During the last quarter, the six leading broadband providers were able to activate 416.600 new connections. After the noticeable slump in the course of the last two quarters, the number of new DSL customers has slightly stabilized - albeit on a relatively low level. Looking at the individual results, however, it becomes apparent that only two providers acted as a real driving force in the market. Others even had to struggle with continued customer attrition.
The real driving engine for the growth in the third quarter turned out to be T-Home. With 344.000 thousand new broadband connections the provider was even able to top the results of the preceding quarter. Another positive development for the market leader: Some 50.000 customers were won back from competing network or resale providers.
The new product line T-Home Entertain - which combines modern VDSL connections bundled with T-Home's own IP-TV service -, on the other hand, turned out to be somewhat of a disappointment. The original prognosis of one million customers for the end of 2008 couldn't hold water. Since the start of the Entertain line in the fall of 2006 this estimation has already been cut in half. But even this goal may be hard to accomplish - at the end of the third quarter, T-Home Entertain had only 330.000 subscribers.
With a total of 107.000 new customers, Vodafone and its subsidiary Arcor managed to further cement their position as the new number two in the german broadband market. In the struggle to endure as an individual brand, Arcor has achieved at least a partial success: after the company could only sell 16.000 new connections during the second quarter, this number more than doubled in the last quarter.
For the last few months, 1&1 has had a hard time attracting new customers. Customer acquisition was already dwindling during the second quarter of this year, but with only 20.000 new customers, growth has further decreased by two thirds. Substantially more successful were 1&1’s efforts to transfer existing resale customers to so-called complete packages. Their number has risen by 190.000 to 560.000 during the third quarter. Ralph Dommermuth, CEO of United Internet, sees some profound changes in store for the DSL market. He predicts that approximately 3.7 million customers will change their broadband provider next year. Until now, broadband providers have been focusing on the acquisition of new customers. If Dommermuth’s prediction turns out to be accurate, the providers will be forced to reassess their strategy.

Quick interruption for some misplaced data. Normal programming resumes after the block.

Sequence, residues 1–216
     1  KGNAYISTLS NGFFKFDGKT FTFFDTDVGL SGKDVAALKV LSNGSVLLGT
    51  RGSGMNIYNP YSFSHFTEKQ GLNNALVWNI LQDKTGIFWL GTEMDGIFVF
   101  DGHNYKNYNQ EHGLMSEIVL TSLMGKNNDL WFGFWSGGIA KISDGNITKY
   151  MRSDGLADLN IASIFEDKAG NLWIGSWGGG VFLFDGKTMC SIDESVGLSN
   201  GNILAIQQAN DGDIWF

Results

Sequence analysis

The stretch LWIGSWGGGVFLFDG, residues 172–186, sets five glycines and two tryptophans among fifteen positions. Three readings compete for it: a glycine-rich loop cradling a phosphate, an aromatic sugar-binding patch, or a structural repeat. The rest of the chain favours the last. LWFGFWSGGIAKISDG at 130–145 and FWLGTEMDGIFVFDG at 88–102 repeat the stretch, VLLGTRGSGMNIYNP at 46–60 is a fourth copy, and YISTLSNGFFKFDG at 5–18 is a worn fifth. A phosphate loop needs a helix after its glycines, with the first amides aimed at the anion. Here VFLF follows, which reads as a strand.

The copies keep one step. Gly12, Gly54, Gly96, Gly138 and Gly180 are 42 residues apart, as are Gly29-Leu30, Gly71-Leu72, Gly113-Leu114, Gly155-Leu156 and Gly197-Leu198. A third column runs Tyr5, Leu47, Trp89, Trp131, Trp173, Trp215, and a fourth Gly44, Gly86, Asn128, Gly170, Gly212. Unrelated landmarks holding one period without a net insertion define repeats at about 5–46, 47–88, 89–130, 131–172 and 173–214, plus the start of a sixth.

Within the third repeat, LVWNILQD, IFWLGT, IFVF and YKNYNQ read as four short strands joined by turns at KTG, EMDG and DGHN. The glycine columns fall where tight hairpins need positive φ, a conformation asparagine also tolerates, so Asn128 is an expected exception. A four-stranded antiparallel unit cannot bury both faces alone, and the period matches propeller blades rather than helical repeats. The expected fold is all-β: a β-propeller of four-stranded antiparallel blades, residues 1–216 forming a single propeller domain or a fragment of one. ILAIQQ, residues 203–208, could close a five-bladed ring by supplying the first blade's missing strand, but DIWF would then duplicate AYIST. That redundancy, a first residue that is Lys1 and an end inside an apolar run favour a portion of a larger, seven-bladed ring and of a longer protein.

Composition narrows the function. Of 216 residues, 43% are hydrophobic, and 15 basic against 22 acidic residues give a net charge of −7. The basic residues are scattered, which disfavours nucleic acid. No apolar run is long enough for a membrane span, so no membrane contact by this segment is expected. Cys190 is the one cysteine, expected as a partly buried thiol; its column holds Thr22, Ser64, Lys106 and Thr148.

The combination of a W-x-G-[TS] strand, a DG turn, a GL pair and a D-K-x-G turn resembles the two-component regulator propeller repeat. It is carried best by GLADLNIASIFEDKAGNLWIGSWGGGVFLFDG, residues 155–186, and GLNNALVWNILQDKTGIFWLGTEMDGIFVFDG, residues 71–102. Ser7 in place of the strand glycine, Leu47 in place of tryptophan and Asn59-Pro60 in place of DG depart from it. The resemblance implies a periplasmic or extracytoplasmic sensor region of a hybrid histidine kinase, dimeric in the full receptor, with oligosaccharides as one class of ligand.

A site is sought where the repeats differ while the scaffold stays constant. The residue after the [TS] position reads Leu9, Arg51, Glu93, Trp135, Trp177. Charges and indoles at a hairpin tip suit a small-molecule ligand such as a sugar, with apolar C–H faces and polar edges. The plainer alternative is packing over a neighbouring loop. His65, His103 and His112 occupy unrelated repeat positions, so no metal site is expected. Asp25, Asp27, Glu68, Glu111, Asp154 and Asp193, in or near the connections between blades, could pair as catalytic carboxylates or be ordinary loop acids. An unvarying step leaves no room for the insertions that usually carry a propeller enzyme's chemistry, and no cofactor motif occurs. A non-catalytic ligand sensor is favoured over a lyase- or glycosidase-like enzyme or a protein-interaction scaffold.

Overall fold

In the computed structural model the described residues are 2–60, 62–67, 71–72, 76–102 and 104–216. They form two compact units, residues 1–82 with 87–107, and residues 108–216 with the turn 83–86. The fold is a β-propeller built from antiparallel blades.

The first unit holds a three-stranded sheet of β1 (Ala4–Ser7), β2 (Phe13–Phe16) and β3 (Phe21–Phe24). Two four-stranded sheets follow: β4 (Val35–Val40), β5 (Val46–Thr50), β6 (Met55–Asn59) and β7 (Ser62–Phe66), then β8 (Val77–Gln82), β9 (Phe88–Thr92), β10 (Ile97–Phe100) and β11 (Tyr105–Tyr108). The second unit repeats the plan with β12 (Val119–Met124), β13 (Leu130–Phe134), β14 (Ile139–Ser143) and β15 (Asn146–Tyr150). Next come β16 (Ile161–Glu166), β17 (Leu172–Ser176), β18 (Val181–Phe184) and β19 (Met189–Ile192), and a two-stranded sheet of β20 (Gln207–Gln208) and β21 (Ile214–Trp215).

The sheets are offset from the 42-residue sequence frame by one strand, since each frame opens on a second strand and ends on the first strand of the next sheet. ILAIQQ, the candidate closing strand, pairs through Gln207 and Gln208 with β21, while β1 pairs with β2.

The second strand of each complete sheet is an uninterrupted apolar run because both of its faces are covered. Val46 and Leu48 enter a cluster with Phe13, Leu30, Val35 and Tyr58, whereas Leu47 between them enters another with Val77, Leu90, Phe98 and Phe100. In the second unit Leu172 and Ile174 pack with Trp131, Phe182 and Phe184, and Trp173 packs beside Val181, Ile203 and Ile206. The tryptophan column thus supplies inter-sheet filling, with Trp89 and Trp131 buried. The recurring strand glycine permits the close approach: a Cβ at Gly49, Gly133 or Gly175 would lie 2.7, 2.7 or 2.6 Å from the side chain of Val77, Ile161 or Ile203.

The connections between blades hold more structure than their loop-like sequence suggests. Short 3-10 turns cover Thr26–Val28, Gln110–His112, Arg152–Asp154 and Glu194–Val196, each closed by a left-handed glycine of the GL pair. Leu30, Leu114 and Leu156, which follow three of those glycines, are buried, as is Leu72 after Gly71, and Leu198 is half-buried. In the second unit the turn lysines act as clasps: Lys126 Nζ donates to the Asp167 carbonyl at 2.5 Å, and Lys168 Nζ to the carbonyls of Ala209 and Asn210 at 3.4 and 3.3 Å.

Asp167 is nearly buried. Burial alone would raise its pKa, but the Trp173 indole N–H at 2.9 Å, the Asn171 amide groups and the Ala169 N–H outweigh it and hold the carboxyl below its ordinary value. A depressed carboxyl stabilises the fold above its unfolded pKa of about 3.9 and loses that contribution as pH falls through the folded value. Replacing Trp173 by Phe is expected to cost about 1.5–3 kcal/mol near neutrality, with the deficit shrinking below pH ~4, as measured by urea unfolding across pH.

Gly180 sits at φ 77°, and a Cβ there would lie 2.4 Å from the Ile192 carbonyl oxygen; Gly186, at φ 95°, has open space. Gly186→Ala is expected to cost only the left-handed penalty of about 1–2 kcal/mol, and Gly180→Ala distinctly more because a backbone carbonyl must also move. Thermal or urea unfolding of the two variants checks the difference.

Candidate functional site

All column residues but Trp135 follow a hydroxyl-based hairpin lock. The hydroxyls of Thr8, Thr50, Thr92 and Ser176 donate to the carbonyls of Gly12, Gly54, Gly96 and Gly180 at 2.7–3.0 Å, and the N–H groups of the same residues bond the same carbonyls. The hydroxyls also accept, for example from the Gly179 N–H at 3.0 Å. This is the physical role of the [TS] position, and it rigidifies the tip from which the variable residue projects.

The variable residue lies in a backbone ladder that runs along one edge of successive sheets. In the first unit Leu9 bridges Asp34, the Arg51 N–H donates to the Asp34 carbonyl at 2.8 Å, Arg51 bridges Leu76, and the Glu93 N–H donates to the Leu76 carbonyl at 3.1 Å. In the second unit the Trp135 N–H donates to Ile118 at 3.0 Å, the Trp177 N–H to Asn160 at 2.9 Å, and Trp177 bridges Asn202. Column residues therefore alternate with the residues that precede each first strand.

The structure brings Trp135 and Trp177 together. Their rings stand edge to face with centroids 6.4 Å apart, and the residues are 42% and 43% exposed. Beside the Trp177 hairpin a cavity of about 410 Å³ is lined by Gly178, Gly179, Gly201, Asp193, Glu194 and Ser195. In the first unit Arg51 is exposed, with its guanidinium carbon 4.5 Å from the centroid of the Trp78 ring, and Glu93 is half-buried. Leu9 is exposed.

Meanwhile, the long-planned sale of Freenet’s DSL branch is plagued by further delays. In the face of the current financial crisis, it seems impossible for Freenet to reach an acceptable price for the division that is already officially described as abandoned. Which companies Freenet is still in talks with is not publically know. United Internet, however, announced that they have left the circle of potential buyers back in October. In the meantime, the costumer attrition at Freenet continued: After another net loss of 50.000 connections, a total of 230.000 DSL customers have turned its back on Freenet in this year alone.
For the second time in a row, Alice DSL has also had to announce a net loss in customers. With 18.000 cancelled subscriptions and over 2.3 million remaining customers, however, this loss is significantly less dramatic. It remains to be seen if this merely constitutes a temporary stagnation, or if this downward trend will continue over the next few months. According to representatives of Alice DSL, their free IP-TV service Alice Home TV is supposed to play a key role in turning the tide during the Christmas season. But in light of the weak start for T-Home Entertain it seems doubtful whether this particular service is fit to provide the necessary boost.
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